#MenBehavingBadly #financiers #WallStreet
The book, “Straight to Hell,” by John LeFevre, describes the drunkenness and debauchery of financiers working in Citigroup’s Hong Kong office.
Regardless of what you think about those who work on Wall Street, and whether you believe that personal behavior may not affect professional behavior, this book might give you pause.
It was reviewed by Philip Delves Broughton in the July 21, 2015, edition of The Wall Street Journal.
It describes leud play and solicitation of prostitutes by those to whom we may entrust our wealth. Hopefully, they are not spending the money their clients entrust with them for their fun and games, but they probably make enough to afford such entertainment. It appears, from Delves Broughton’s review, that these guys’ maturity did not correspond with their wealth.
The deeper question Delves Broughton poses about the culture of financiers working away from home is whether deviant personal behavior and professional behavior are connected, and whether men behaving badly matters. Broughton says his hunch is that bankers are not so different from other male business tribes when on maneuvers. “They simply have the cash to do more of the nasty stuff,” writes Delves Broughton, author, most recently, of “The Art of the Sale: Learning From the Masters About the Business of Life.”
Let’s forget, for a moment, the nasty specifics of what these guys were doing. Let’s instead extrapolate the behavior(s) of your employer(s) toward you.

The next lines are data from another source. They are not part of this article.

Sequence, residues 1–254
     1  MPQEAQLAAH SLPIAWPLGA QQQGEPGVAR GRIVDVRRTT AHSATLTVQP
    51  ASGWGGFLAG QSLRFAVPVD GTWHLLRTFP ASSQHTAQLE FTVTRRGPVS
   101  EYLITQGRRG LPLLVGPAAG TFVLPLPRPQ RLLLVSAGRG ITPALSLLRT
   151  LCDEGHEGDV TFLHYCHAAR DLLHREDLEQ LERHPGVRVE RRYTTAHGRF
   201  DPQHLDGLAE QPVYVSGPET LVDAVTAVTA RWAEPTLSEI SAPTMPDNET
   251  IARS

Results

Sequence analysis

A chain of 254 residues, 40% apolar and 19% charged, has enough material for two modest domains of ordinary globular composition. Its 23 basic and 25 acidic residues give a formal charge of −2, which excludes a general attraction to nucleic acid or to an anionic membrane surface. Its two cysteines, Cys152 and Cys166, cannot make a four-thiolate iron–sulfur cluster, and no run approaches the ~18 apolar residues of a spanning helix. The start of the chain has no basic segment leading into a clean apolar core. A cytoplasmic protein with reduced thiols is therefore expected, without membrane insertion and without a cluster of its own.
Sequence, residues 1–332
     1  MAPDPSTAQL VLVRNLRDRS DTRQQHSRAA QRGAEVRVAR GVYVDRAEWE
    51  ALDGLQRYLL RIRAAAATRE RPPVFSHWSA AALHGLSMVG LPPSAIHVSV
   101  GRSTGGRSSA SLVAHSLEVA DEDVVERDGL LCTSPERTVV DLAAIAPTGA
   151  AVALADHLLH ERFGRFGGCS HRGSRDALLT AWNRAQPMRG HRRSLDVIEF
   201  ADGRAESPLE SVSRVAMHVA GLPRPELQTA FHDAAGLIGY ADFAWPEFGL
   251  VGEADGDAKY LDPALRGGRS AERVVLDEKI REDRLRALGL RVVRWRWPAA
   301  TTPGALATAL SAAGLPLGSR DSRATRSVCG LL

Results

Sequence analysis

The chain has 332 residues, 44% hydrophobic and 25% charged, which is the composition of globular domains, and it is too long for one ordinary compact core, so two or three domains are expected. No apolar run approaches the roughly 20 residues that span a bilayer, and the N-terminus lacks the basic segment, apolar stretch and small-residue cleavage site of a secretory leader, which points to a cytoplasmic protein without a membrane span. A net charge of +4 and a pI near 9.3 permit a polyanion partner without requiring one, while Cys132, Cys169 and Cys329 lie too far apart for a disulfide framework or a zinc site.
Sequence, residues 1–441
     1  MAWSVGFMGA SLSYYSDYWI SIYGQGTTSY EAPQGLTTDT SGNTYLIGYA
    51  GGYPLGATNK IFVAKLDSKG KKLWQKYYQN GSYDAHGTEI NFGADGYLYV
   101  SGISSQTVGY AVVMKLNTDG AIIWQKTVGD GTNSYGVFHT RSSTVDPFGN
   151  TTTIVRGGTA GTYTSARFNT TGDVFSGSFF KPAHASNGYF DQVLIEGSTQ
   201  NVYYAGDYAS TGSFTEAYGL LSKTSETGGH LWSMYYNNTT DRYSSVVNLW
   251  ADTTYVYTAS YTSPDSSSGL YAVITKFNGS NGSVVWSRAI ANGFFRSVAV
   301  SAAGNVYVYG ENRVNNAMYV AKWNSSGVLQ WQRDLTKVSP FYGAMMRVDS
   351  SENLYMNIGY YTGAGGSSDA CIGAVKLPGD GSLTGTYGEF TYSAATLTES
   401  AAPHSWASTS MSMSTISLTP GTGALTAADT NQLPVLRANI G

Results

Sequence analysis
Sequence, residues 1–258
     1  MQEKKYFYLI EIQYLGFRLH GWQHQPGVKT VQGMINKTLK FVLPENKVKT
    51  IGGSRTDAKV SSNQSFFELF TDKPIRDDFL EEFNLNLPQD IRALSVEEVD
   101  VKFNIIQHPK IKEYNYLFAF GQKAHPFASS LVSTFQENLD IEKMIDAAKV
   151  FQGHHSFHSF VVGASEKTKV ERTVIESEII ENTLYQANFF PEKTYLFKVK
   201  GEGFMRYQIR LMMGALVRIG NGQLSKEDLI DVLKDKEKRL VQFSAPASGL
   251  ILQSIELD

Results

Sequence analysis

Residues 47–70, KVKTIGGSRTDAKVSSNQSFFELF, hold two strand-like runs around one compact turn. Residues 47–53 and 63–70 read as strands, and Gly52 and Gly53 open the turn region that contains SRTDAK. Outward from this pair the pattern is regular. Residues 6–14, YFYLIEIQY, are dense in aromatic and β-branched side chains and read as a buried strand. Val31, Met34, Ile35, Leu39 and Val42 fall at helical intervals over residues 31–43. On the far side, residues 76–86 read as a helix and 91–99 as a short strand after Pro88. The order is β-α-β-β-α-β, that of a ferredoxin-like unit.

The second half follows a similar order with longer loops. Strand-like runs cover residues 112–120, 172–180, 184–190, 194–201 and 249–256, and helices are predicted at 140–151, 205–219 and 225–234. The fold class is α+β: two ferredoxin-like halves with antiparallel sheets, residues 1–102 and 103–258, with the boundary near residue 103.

Let’s presume, too, that your employer is not getting too personal with you, i.e. sexual harassment. There are ways to deal with that that may be too complicated to address here.
Let’s take an example of your employer heading home for the evening, leaving you alone with tons of work on your desk, and knowing you won’t be able to go home at a reasonable hour.
Let’s also consider the example of your employer telling you that you cannot have the vacation time you want, or need, because you are too badly needed at that time. Yet, he never loses out on the vacation he wants.
Your employer is enjoying the gobs more money he’s making than you, while you are forced to put your life on hold for him.
Certainly, in this day and age, if you have a job that you need, you are fortunate. But how long can it go on? Will you one day walk in and be told your job is gone, after all the sacrifices you have made?
How would you feel if you worked for one of the men described in LeFevre’s book, and he came to you one day and told you, you were being laid off, despite your good behavior?
If you are feeling as if your current situation is not giving you the life you want, visit There, you may see the pure happiness, joy and prosperity to be found, simply by helping others succeed – a whole different milieu from the one LeFevre’s book describes.
Delves Broughton’s speculation about how businessmen behave when no one, but them and their friends, is looking, perhaps is true. But there are certainly good, kind, ethical and very professional business people out there, who would be a pleasure to work for.
They would never make you stay late when they weren’t, or deprive you of a vacation while they took theirs. But even good situations don’t always last. It might be best to plan now for the day when the goodness, or necessary evil, of a job disappears. You may even get to exit on your own terms.